En Español

Q. Who is Mr. Smarty Plants?

A: There are those who suspect Wildflower Center volunteers are the culpable and capable culprits. Yet, others think staff members play some, albeit small, role. You can torture us with your plant questions, but we will never reveal the Green Guru's secret identity.

Help us grow by giving to the Plant Database Fund or by becoming a member

Did you know you can access the Native Plant Information Network with your web-enabled smartphone?

Share

Ask Mr. Smarty Plants

Ask Mr. Smarty Plants is a free service provided by the staff and volunteers at the Lady Bird Johnson Wildflower Center.

Search Smarty Plants
    
 
See a list of all Smarty Plants questions

Please forgive us, but Mr. Smarty Plants has been overwhelmed by a flood of mail and must take a break for awhile to catch up. We hope to be accepting new questions again soon. Thank you!

Need help with plant identification, visit the plant identification page.

 
rate this answer
Not Yet Rated

Thursday - July 14, 2005

From: Wilmington, DE
Region: Mid-Atlantic
Topic: Wildlife Gardens
Title: Host plants to monarch butterflies in Starr County, TX
Answered by: Nan Hampton

QUESTION:

I plant native larval and nectar plants that support the life cycle of the monarch butterfly here in the east; but, where can I find a list of native plants for my friends in the Tamaulipan Biotic Province - Rio Grande,TX - who would also like to plant natives for monarchs?

ANSWER:

Plants in the Family Asclepiadaceae (Milkweed Family) are host plants for the monarch butterfly. Here is a list of members of that family that are native to the Rio Grande Valley of Texas. I have noted whether they have been identified in Starr County (where the city of Rio Grande is) or in an adjacent or nearby county.

1. Hierbas de Zizotes (Asclepias oenotheroides). Starr County.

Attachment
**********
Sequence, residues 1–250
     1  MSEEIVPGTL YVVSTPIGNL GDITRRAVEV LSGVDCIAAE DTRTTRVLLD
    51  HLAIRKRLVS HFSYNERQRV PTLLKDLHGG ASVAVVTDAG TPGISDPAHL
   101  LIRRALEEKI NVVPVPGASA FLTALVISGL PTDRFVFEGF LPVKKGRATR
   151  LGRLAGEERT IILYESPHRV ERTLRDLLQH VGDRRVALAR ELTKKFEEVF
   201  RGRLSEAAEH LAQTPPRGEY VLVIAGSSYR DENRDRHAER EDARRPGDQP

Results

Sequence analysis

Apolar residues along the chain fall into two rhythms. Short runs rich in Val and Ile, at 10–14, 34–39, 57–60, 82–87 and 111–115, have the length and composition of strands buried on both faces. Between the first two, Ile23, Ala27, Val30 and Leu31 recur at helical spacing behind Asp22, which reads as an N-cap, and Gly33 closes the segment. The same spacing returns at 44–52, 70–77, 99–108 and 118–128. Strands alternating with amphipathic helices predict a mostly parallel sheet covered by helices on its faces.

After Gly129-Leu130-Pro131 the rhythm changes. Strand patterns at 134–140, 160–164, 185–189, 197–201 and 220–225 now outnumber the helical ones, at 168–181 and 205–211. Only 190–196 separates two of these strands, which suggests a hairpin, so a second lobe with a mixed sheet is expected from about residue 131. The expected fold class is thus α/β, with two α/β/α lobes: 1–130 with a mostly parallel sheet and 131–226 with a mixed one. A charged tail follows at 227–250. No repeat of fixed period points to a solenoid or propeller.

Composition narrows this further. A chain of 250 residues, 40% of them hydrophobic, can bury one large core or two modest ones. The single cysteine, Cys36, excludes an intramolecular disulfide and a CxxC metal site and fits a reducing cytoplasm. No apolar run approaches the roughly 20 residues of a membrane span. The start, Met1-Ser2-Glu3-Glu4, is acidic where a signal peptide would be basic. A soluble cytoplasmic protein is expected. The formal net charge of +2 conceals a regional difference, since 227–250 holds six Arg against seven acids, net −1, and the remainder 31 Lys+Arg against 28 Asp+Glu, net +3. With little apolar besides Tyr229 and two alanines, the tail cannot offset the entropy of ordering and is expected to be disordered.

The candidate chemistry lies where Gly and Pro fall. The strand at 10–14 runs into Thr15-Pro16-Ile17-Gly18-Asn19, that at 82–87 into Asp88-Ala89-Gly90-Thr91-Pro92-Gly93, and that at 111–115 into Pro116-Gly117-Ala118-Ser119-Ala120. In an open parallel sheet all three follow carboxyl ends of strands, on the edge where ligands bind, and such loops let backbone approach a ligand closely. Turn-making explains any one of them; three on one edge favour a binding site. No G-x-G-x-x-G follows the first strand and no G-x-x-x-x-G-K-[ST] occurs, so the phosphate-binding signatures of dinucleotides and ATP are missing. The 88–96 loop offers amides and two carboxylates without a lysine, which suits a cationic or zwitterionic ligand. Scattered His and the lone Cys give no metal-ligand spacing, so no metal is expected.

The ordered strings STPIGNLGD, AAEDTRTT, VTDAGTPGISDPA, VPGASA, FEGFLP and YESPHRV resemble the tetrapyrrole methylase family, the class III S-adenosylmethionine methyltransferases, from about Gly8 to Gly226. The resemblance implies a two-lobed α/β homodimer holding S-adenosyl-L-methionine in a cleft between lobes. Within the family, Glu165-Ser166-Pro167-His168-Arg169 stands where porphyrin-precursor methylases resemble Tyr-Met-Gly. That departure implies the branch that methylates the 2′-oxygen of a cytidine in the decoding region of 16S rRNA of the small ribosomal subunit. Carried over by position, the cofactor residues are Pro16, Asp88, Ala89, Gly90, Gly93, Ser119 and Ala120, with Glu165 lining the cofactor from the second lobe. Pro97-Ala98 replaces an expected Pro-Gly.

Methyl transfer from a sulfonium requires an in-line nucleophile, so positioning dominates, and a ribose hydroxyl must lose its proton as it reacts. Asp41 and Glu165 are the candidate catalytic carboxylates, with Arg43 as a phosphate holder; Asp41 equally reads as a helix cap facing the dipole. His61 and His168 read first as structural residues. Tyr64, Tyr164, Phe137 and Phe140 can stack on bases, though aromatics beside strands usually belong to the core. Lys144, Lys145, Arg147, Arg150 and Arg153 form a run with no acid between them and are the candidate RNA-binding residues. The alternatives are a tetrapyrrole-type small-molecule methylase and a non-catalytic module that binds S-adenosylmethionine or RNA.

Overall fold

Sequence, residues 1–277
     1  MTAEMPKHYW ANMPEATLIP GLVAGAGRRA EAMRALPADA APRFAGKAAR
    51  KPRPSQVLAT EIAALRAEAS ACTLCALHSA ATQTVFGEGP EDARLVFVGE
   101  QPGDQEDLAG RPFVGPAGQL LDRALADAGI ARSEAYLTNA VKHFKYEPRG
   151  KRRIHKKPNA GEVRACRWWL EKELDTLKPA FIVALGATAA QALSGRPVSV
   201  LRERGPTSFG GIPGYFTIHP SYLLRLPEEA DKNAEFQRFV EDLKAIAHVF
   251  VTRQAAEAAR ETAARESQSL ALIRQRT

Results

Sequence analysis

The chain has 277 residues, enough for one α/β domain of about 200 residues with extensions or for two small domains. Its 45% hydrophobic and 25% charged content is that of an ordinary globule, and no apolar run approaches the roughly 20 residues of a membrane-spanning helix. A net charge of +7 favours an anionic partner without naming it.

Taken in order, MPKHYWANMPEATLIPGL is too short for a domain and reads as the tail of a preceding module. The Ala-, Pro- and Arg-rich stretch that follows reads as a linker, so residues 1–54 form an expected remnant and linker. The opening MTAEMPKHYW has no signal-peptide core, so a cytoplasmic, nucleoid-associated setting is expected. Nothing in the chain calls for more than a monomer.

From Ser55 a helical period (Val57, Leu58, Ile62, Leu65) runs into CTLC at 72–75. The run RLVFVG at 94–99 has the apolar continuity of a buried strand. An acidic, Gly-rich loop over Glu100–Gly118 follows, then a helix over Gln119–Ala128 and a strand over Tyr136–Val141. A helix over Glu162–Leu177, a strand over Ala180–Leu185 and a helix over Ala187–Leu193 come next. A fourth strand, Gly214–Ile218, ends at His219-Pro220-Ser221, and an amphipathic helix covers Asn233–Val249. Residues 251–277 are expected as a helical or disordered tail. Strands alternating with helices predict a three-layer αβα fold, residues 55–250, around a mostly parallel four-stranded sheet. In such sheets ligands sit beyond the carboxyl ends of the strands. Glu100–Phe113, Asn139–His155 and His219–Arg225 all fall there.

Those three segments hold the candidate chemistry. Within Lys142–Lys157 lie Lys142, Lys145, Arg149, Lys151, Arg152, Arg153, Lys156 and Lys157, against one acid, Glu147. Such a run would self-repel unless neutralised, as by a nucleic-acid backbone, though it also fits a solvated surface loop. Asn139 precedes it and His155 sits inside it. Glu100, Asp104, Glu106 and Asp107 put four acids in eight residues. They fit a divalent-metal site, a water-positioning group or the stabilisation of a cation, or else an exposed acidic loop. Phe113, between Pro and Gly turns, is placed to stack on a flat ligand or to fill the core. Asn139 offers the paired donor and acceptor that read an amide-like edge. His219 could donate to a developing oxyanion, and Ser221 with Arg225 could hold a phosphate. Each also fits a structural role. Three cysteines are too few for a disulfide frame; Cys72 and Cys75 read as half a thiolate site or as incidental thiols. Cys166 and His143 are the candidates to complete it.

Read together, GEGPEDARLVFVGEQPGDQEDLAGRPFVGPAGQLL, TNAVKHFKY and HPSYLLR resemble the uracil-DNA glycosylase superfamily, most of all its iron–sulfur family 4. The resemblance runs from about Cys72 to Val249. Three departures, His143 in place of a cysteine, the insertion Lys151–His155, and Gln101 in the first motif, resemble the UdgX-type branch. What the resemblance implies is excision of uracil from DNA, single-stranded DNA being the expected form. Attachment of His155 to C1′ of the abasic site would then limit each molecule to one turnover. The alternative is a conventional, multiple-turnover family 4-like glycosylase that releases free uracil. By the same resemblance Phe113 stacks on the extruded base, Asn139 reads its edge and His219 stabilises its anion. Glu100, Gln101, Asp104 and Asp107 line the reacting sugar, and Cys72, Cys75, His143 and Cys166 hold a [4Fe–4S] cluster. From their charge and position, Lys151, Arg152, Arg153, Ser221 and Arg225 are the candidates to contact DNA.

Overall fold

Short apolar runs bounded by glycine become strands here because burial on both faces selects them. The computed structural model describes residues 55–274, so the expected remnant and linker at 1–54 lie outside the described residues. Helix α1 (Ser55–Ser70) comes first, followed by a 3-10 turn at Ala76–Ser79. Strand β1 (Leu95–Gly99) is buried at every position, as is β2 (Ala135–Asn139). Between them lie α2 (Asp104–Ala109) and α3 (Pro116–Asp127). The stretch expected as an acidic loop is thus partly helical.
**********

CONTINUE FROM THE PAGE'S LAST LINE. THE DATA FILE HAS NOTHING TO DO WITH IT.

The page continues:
2. Slim milkweed (A. linearis). Adjacent county.
3. Emory's milkweed (A. emoryi). No photograph available. Starr County.
4. Bloodflower or Wild ipecacuanha (A. curassavica) and photograph. Adjacent county.
5. Prostrate milkweed (A. prostrata). No photograph available. Starr County.
6. Bearded swallow-wort (Cynanchum barbigerum). Starr County.
7. Talayote (C. racemosum). Starr County.
8. MacCart's swallow-wort (C. maccartii). No photograph available. Starr County.
9. Gulf coast swallow-wort (C. angustifolium) and photograph. Nearby county.
10. Climbing milkweed vine (Funastrum cynanchoides = Sarcostemma cynanchoides) and photograph. Adjacent county.
11. White twinevine. (Funastrum clausum = Sarcostemma clausum). Adjacent county.
12. Pearl milkweed (Matelea reticulata). Nearby county.
32. Smallflower milkvine (M. parviflora). No photograph available. Adjacent county.
14. Falfurrias milkvine (M. radiata) No photograph available. Starr County.
15. Shortcrown milkvine M. brevicoronata. No photo available. Starr County.

For a wealth of information about monarchs in Texas visit Texas Monarch Watch sponsored by Texas Parks and Wildlife Department.
 

More Wildlife Gardens Questions

Grasses and wildflowers for Houston meadow
February 28, 2008 - I recently bought a house in a new subdivision just south of Houston - as with most new developments, the area is devoid of nature for the most part... I have planted many bird/butterfly/bee fr...
view the full question and answer

Native plants for condo apartments in New York
October 14, 2005 - Hello, and thank you for this wonderful source of help! We live in Hastings on Hudson, NY in a brick building of 7 condo apartments. Our corner unit has one narrow flower bed out front on the stre...
view the full question and answer

Bird-friendly plants for South Texas
April 05, 2011 - Which are the best plants that provide food (perennials, shrubs, trees, and vines) to attract birds to my backyard garden? (I have water and cover and would like to make sure I have the 10 best plants...
view the full question and answer

Evergreen plant with berries for wildlife
September 16, 2007 - We live in central Texas and I am attempting to plant for wildlife. Could you suggest an evergreen, approximately 3-4 feet tall, that would have berries for the birds in the Fall and winter? The pla...
view the full question and answer

Fertilizing oaks to produce more acorns
March 04, 2009 - What type of fertilizer would I use on oak trees to possibly increase growth and acorn production ? I have some flooded oak timber that is home to migrating ducks but there is little for them to eat.
view the full question and answer

Support the Wildflower Center by Donating Online or Becoming a Member today.
E-NEWSLETTER | BECOME A MEMBER | DONATE NOW | MEDIA | JOBS | SITEMAP | STAFF INTRANET
© 2016 Lady Bird Johnson Wildflower Center